The true reality

Contrary to popular belief, the carbon footprint of an email is far from being anecdotal, especially since it must be multiplied by the colossal quantity of messages that are exchanged every day. Because yes, our mailboxes are crumbling under the weight of emails… Invented in the 1960’s by the American engineer Ray Tomlinson, they are part of the daily life of the majority of individuals.

3 solutions pour concilier transition écologique et digital - MBA MCI

6.1. Demonstration in a few figures:

And emails are very energy-intensive! If we zoom in on the carbon footprint of the average email, this is what it looks like:

Note: this amount is probably underestimated because it does not take into account spam, which represents half of the messages received, and which even unopened cause GHG emissions. Why does sending an email have a carbon footprint?  How is it then that sending emails totals such a carbon footprint?

Even addressed from Robert to Kevin from accounting, whose office is only five meters from ours, our email will send data to a data center, very often on the other side of the Atlantic: in fact, out of the 4500 data centers identified throughout the world, more than 1800 are in the United States, including of course those of Google and Yahoo, against 56 in France. In fact, the majority of French emails travel thousands of kilometers, while operating passages through many routers, servers and computers that need energy to function. And to cool down! Because in the data center, the temperature of certain components can easily rise to 60 degrees… According to the Carbon Literacy Project, a standard email generates around 4 grs of CO2; with a bulky attachment, it produces up to 50 grs of CO2. Sending a 1MB holiday photo to ten friends is the equivalent of driving 500 meters. Because, even addressed to a colleague a few meters away, your e-mail sends data to the Google or Yahoo datacenters which are located in the United States. It therefore travels thousands of kilometers passing through dozens of routers, servers and other computers which also consume energy to operate and which need to be cooled.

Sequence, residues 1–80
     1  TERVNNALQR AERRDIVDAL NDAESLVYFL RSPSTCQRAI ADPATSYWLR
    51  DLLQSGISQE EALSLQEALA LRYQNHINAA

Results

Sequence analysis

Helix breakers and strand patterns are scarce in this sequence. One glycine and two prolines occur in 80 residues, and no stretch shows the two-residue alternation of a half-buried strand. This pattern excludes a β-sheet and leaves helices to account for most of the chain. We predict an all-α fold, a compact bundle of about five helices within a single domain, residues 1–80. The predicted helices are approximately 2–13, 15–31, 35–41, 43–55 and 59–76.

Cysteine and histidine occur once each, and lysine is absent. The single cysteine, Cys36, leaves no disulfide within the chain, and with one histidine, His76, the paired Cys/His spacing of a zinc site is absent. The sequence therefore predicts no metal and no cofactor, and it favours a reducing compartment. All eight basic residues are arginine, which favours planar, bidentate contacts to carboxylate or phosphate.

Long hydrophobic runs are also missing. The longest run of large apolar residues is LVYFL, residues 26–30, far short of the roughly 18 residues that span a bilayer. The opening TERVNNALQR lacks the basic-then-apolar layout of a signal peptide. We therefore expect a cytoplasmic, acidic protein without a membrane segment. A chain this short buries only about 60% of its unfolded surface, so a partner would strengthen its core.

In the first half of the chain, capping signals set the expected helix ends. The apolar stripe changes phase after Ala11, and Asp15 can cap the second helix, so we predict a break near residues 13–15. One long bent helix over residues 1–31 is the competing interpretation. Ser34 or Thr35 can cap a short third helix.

6.2.      Emails generate 410 million tons of CO2 per year

The problem is compounded by the number of messages piling up in our mailboxes. In France, an Internet user receives an average of 39 emails per day, according to Contact Lab. A total of 281 billion emails were sent worldwide every day in 2018, according to research firm Radicati Group. Taking this average of 4 g of CO2 per e-mail, it is therefore 410 million tons of CO2 per year that are generated. By comparison, global air transport produced 859 million tons of CO2 in 2017, according to IATA. However, this figure is largely underestimated because it does not take into account spam, which represents half of the messages received. However, even unopened, these unwanted messages produce 0.3 g of CO2! In total, 80% of emails are never opened.

6.3.        Each person stores 100 to 10,000 e-mails unnecessarily